Now with it cut out and ready for the patch, I cut my patch about 1/2-5/8 bigger then the hole, I ONLY do this because I used flanging pliers to flange the metal and have an overlap. If you have a welder you can cut it the same size as the hole and butt weld it in place. Now for the flanging you can do either, but if you can get to it all and have room I flange the metal on the truck. You can flange the repair panel, but then it has to fit in behind the original and this makes it a bit tougher and more work. Sometimes getting to the old metal and getting the pliers in behind the old is hard or impossible. You don't have to worry though you can let it over lap, or tap it in with a hammer. Now all I can say is, TEST FIT, test fit, test fit, until it's where you want it, and fitting how you want. Trim, grind, beat whatever you gotta do to get it as close as possible.
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    Now I used some self tapping metal screws to hold the piece in place while I drilled for 1/8 rivets, you can use magnets if you are going to weld it in place. Now I sprayed the backside with the same self etch primer and used some silicone or some type of seam sealer, or silaprene between the too to help hold it and seal it. I wouldn't do this if you are going to weld, and if you butt weld you can't anyways. Now for my 88 I welded the cab corners in place, removed the rivets and screws and welded the holes up, then ground it all smooth. On dad's I left the rivets in place just knocked the heads down some with a grinder and removed the screws, then ground the edges where the pieces met. Now you are ready for filler. I like to use a coat of fiberglass first, but if you welded them in, you can jump straight to bondo since you are working with all metal and it's all one piece.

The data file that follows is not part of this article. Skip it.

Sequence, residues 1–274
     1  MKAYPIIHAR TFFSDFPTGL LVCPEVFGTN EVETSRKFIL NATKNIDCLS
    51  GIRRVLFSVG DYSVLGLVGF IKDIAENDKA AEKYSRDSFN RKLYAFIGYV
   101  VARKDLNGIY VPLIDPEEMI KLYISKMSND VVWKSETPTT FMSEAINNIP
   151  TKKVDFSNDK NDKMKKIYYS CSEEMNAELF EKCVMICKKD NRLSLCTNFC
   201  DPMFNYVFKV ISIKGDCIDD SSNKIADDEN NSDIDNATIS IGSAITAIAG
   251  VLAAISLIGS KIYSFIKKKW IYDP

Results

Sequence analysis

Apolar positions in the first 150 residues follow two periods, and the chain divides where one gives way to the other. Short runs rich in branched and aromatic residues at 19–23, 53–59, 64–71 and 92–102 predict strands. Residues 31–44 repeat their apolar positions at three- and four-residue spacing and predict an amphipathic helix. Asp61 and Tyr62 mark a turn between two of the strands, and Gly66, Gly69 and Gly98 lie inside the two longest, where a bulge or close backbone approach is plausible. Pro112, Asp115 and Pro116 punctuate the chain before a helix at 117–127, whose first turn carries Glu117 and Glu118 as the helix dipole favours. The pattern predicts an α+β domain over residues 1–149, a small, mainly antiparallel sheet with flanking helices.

Mix the stuff as it says on the can, and you can use some cardboard you got, buy a mixing board, cut up an old antifreeze or oil jug whatever you got to mix it on. Then apply it thin, don't throw on a huge glob of it.